Cleaning Up the MDR Confusion

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Jack Danahy, SVP, Strategy and Security Chief Evangelist, Alert Logic

As organizations struggle to secure and protect increasingly complex ecosystems from an expanding threat landscape, managed detection and response (MDR) solutions have been getting a lot more attention. Unfortunately, there are multiple, differing, definitions for MDR, and no common commitment to the value it should provide. For organizations to understand the role of MDR in their security portfolio, we need to reach a consensus on what MDR delivers, and arm prospective buyers with a set of criteria with which they can make informed MDR choices.

What Is MDR?

Managed detection and response solutions identify active threats across an organization and then respond to eliminate, investigate, or contain them. Some of these threats appear prior to attacks, like exploitable vulnerabilities in software or service misconfigurations, while others occur during an attack or as a consequence of its success.  MDR has increased in visibility and importance as organizations realize that no level of investment will provide 100% protection against all threats and as the scale and complexity of the security challenge becomes intractable for a growing number of organizations.

MDR has existed under other names for decades.  Alert Logic was providing managed threat intelligence at its founding in 2002.  What’s changing, and driving a coalescence in the market, is the fragmentation and complexity of the cybersecurity ecosystem. Companies of all sizes and across all industries are investing in security tools and services designed to prevent and detect attacks, but the resulting administrative costs and overwhelming volume of notifications have driven security team burnout and alert fatigue.  Worse, a persistent shortage of cybersecurity talent makes it difficult to hire and retain the trained personnel necessary to configure these solutions, analyze resulting events, and respond effectively. Managed detection and response services address this issue.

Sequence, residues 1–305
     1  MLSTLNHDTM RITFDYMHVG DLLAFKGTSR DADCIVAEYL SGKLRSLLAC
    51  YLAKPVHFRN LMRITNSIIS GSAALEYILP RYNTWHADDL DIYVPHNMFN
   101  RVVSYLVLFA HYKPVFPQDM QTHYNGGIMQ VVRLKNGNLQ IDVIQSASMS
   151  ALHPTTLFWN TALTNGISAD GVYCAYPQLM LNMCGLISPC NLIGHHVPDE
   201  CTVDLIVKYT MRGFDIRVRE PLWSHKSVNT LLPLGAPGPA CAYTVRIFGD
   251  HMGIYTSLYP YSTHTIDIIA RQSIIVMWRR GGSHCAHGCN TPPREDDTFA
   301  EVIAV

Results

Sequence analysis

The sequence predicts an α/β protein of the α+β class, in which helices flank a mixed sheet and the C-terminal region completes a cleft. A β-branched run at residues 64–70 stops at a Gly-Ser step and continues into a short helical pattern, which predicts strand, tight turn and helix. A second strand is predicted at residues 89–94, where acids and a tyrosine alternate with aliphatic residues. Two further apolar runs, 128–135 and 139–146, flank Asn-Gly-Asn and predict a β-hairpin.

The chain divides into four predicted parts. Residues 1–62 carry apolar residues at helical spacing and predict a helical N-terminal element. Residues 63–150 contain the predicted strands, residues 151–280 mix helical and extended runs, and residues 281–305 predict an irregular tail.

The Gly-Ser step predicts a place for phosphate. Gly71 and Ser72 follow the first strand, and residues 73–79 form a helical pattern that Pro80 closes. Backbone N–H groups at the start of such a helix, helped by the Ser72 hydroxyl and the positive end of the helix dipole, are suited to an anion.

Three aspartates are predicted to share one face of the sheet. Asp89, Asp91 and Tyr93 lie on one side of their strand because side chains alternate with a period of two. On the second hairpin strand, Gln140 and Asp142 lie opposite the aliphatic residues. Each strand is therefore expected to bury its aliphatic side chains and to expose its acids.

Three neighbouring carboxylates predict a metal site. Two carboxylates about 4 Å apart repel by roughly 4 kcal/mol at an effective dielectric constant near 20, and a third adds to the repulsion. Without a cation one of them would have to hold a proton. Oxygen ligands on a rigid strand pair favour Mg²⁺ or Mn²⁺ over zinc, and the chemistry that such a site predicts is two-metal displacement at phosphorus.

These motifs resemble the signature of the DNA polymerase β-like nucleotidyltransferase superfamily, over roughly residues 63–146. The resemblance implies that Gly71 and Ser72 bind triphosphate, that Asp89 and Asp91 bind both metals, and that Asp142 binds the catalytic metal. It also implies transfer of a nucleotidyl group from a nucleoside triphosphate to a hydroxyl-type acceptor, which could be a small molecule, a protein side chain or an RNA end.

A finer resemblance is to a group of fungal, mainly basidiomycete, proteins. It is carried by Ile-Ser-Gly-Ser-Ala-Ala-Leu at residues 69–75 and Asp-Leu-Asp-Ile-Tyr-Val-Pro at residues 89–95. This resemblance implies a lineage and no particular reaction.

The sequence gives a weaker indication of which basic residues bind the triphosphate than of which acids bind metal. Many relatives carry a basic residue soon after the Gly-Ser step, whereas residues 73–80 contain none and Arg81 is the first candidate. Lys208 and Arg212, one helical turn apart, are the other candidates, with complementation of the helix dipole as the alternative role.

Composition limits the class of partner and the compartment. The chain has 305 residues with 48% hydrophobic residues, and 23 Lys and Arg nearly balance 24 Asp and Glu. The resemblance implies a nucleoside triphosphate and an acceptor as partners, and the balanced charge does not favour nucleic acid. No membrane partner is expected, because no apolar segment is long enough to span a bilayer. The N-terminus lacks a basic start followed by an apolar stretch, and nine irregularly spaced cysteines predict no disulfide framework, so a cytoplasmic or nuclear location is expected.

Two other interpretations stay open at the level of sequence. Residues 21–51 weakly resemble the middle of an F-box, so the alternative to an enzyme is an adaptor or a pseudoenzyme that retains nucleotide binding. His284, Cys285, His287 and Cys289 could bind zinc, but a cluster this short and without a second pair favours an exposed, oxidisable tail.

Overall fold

The ultimate goal of MDR is to minimize the likelihood or impact of any successful attacks.   To understand MDR, it is helpful to start from that outcome and consider what management, detection, and response need to look like.

Breaking down M, D, and R

Let’s look at the three title elements of MDR—Management, Detection, and Response.  Each requires specific capabilities in order to deliver on the promise of MDR.

Management

Comprehensive visibility, both over an organization’s assets and over a 24X7 window, and an understanding of business needs are essential for effective security management, especially in MDR. An MDR provider is engaged to promptly identify and mitigate threats or attacks in progress and doing so requires this visibility across the network environment and an up to date inventory of all assets being managed. Management also requires security professionals with sufficient experience and expertise to validate and communicate security events when they arise..

Detection